4. Scoop the mixture onto a lined cookie sheet. You want 8 equal sized lumps. Freeze until rock hard, 1 – 3 hours.
  5. Once frozen solid they are ready to use.
Everything Bagel Mix Ingredients:
  • 3/4 tsp salt
  • 1 tbsp white sesame seeds
  • 2 tsp black sesame seeds
  • 2 tsp poppy seeds
  • 1 tbsp dried onion
  • 1/2 tsp onion powder
  • 1/4 tsp garlic powder
  1. Mix everything together in a bowl and use when needed.
  2. Store in a covered container for up to 6 months.

Saturday, June 1, 2013

Melon Pan

It's not been as difficult getting back into the swing of things as I thought it would be. I'll fallen into a pretty comfortable daily routine without experiencing much culture shock. I suppose it would be different if I had gone to a country where English wasn't the primary language. But still, I find myself really grateful for little things I had taken for granted before, like skim milk, chocolate chips, garbage disposals...ovens. 

 I've been trying to make bread as often as possible. I love, LOVE working with yeast, and it just wasn't very practical to do in Ireland often. Since melon pan has been on my baking list for a while, I thought I'd try and tackle it. Melon pan is Japanese in origin. It contains no melon, but the cross-hatching pattern on the top somewhat resembles rock melon/canteloupe.

I enjoy melon pan not only for it's delicious flavor and texture (a crispy cookie shell surround a soft bun!), but also for its cross-cultural nature. Similar to aebleskivers, variations on melon pan are popular in countries all over the world, and goes by many different names. You may encounter it in China under the name of pineapple bun or polo bun, or in Latin America as conchas or pan dolce.  My cross-hatchy marks kind of disappeared during baking (aw man!), but the ending result was still tasty and texturally pleasing.

Melon Pan
from Joe Pastry

Cookie Topping: 
3 ounces (6 tablespoons) softened butter
3.25 ounces (scant half cup) sugar
7.5 ounces (1 1/2 cups) all-purpose flour
1/4 teaspoon baking powder
1/4 teaspoon salt
2 eggs
1/2 teaspoon vanilla extract
1 teaspoon lemon zest
Superfine sugar for dusting

In the bowl of a mixer fitted with the beater, beat the butter and sugar until light in color. Meanwhile, whisk the flour, baking powder and salt together in one bowl and the egg, egg white and extract (if you have it) in another. Add the egg mixture in two additions, beating well and scraping the bowl as needed. Once the egg is incorporated, slowly add in the flour and beat on low until it’s incorporated. Roll the dough into a log and place it in the refrigerator, covered, for at least half an hour. Meanwhile, prepare the buns. You’ll need:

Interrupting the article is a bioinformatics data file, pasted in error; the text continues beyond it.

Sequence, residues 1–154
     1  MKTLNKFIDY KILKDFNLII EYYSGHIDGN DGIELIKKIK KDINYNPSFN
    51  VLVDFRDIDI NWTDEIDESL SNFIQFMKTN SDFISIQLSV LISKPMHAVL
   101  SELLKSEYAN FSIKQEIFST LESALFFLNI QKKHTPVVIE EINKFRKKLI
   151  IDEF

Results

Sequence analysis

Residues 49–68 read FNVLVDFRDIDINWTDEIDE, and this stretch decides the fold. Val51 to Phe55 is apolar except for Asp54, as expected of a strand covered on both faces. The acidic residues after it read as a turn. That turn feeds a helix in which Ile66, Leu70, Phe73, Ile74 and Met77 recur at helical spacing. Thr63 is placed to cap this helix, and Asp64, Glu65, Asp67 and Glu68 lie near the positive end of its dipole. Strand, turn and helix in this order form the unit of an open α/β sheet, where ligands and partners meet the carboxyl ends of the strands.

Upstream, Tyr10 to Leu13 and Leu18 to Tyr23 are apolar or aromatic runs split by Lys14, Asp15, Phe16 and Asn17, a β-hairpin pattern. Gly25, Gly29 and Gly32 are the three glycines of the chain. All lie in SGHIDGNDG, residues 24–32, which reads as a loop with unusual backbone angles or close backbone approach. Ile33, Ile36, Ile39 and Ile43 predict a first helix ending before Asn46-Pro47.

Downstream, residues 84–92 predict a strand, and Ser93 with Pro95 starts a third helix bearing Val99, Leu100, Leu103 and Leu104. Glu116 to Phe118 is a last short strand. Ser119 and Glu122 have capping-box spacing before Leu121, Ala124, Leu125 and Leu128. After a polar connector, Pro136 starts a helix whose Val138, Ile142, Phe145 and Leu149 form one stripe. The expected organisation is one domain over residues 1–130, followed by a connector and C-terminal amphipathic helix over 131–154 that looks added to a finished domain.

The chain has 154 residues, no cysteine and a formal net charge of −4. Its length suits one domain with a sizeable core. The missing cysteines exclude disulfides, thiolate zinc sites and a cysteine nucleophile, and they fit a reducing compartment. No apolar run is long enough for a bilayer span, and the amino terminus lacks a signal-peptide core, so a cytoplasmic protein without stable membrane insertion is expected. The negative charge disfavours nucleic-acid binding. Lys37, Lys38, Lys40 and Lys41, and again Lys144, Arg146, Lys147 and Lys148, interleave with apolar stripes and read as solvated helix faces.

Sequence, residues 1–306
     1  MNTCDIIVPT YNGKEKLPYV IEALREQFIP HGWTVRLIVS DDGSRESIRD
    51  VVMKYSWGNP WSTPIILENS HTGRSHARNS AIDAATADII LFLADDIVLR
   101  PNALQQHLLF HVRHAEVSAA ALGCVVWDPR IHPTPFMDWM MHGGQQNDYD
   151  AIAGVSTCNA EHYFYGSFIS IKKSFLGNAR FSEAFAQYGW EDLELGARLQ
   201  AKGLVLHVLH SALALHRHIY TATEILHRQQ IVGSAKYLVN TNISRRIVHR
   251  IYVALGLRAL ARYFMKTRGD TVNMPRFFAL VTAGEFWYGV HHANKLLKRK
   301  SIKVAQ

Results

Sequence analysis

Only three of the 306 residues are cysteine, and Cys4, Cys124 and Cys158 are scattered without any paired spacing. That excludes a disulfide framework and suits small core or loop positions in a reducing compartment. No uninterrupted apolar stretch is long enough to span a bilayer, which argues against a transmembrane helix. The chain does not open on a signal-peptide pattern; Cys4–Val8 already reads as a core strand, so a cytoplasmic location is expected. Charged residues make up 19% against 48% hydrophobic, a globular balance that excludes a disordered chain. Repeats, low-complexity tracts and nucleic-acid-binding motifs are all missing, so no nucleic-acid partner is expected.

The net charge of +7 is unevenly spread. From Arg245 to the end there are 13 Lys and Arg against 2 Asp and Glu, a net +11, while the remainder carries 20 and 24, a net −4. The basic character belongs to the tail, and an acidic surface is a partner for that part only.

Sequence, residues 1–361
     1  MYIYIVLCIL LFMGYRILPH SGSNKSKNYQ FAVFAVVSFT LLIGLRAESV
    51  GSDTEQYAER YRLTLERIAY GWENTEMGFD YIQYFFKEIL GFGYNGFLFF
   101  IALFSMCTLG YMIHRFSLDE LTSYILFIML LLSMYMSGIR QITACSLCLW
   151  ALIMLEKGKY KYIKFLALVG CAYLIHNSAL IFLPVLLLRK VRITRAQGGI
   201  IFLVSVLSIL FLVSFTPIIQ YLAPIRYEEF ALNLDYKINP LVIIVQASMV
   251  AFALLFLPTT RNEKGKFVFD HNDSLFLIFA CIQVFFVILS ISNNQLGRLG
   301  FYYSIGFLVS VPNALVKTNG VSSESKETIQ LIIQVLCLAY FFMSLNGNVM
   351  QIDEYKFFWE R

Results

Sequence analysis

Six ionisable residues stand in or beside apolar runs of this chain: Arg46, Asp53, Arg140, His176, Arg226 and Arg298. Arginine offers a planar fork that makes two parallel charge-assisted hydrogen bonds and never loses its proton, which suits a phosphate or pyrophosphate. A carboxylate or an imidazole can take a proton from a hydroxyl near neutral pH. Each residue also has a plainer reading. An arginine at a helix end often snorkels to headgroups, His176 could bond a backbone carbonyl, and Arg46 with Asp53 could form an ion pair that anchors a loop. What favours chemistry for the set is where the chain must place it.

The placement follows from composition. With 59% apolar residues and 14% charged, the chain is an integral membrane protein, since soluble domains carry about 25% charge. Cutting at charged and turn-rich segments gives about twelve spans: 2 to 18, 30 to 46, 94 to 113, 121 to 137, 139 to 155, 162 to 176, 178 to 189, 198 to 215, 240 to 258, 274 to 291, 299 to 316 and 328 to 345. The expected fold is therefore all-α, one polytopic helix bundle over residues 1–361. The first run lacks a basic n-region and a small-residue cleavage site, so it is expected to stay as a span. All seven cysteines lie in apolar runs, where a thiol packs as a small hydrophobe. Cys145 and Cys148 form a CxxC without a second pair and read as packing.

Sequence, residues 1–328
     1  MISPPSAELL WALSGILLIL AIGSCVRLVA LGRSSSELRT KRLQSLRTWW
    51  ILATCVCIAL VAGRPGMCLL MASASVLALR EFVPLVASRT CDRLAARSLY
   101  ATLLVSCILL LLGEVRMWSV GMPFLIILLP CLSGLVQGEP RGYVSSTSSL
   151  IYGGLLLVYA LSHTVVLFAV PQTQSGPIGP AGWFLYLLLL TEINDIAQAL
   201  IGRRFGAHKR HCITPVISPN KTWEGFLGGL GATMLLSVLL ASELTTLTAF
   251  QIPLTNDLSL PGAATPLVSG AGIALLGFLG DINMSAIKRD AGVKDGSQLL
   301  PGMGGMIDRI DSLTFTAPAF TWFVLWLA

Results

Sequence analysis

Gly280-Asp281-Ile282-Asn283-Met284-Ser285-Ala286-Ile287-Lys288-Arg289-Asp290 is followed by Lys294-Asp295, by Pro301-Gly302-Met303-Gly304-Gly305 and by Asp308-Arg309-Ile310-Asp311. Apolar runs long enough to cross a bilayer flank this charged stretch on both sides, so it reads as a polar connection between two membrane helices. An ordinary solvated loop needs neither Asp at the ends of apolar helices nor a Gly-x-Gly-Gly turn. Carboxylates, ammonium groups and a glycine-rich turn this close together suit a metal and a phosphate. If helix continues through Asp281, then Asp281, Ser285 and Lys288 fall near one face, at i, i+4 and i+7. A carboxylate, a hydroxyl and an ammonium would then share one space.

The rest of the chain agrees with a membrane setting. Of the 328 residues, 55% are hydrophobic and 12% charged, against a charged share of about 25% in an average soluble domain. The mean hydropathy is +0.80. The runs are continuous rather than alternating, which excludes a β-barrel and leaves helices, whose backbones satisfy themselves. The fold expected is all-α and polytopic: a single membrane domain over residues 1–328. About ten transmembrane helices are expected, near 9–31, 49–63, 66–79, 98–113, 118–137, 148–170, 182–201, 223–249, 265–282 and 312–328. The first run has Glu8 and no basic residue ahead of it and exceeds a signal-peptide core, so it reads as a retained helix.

10.5 ounces (scant 2 cups) bread flour
1/4 ounces (1 tablespoon) milk powder (dry milk)
1 1/2 teaspoons instant yeast
1.25 ounces (3 tablespoons) sugar
3/4 teaspoon salt
6 ounces (3/4 cup) lukewarm water
1 ounce (2 tablespoons) unsalted butter (bring to room temperature)

Place all the dry ingredients in the bowl of a mixer fitted with the paddle (beater). Stir to combine, then add the water. Continue to stir until all the ingredients are moistened, then switch to the dough hook and knead on medium until a ball forms, about three minutes. Add the softened butter and knead until it’s incorporated.
Transfer the dough to an oiled bowl and let rise about an hour until doubled (you’ll want to cover it with plastic wrap or towel to keep it from drying out). When the dough has risen, divide it into twelve equal portions and roll the pieces into balls. Cover them with a slightly moistened towel and let them sit about 10-15 minutes. 

Meanwhile, remove the cookie dough from refrigerator, and cut into 12 pieces (mine were each about 1.25 ounces). One at a time, roll them out between two layers of plastic wrap (thicker plastic is better. I cut a ziploc bag apart) to a diameter of about three inches. I took a saucepan and just pressed down on the ball with the bottom and it was about the right size. When you finish one, remove the top layer of plastic, place a ball of dough in the center and enclose it in the cookie dough (you’ll want to leave a small hole at the top, which will actually be the bottom, to allow for expansion). Invert the ball onto a parchment-lined baking sheet and carefully remove the plastic wrap.
With a sharp knife, score the cookie dough in a criss-cross pattern (or any pattern you like, really). Let the balls proof for another 45 minutes. Meanwhile, preheat your oven to 375. When the balls have swelled slightly, sprinkle superfine sugar all over them. Insert the pan into the oven and bake 15-20 minutes until golden brown.